Falling into Accessibility — A Story
The panelists each had stories to share about their entrance into the accessibility community. Sharron Rush remembered that she actually didn’t intend to focus her life long career in technology. While she had an associate’s degree in Computer Science, she found the field boring and thought that space didn’t really interest her. However, it seemed that wherever she went, technology related tasks fell into her lap.
While working for Easter Seals, Rush focused on trying to increase employment opportunities in the tech world for those with disabilities. Unfortunately, barriers continued to prevent consistent employment. Sharron turned to the government and to local entrepreneurs for advice.
They suggested that she do something competitive to stoke interest and foster creativity. Turn accessibility into something exciting and engaging through a design challenge.
Thus began the Accessibility Internet Rally, “a global competition based in Austin, Texas that pairs teams of top web developers and web design students with nonprofit organizations to create or improve their websites.” She expressed how much she loved being a part of the accessibility community, which allowed her to connect her interests with those of others around the globe. The OpenAir competition continues to grow each year, with the 2018 competition being the largest yet.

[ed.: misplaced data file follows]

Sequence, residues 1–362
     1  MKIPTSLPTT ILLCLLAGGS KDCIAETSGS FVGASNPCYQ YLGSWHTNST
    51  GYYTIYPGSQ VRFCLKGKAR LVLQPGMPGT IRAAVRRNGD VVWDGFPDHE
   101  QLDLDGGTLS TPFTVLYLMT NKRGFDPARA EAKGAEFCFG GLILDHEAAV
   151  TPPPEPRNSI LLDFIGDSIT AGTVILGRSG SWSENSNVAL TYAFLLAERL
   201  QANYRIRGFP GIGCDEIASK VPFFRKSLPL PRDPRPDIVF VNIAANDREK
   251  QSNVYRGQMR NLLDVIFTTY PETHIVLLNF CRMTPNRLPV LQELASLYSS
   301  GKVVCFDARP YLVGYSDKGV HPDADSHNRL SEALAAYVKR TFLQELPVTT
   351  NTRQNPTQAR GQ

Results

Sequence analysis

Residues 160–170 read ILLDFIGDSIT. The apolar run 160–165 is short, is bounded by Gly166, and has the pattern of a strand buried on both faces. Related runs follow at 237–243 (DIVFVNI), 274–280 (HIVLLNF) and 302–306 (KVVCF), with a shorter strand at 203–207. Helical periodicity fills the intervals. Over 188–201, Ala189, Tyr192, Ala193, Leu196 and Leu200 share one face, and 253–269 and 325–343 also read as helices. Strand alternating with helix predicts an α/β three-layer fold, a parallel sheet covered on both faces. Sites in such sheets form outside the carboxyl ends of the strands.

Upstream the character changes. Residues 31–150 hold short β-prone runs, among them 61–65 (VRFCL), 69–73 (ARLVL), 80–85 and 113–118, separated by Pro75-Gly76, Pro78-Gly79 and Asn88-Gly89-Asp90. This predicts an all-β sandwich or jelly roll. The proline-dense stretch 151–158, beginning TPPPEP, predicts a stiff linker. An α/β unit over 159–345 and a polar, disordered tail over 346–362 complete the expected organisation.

Fears for the Accessibility Community
Wendy Chisholm broached a challenging question regarding fears the panelists had concerning the accessibility community. Lainey Feingold lamented the fact that it is often necessary to rely on law to ensure compliance. She wished that everyone understood that people with disabilities have full civil rights to information and technology. She wished that people would just know that digital accessibility efforts were about civil rights. If we as a community could start from that belief, than there would be more time available to be spent on creative solutions.
Feingold shared that she believes the greatest challenge for the community is to hold on to its inclusive practices, and that it avoids the danger of accessibility becoming only a legal obligation devoid of heart, creativity, and compassion.
Hopes for the Accessibility Community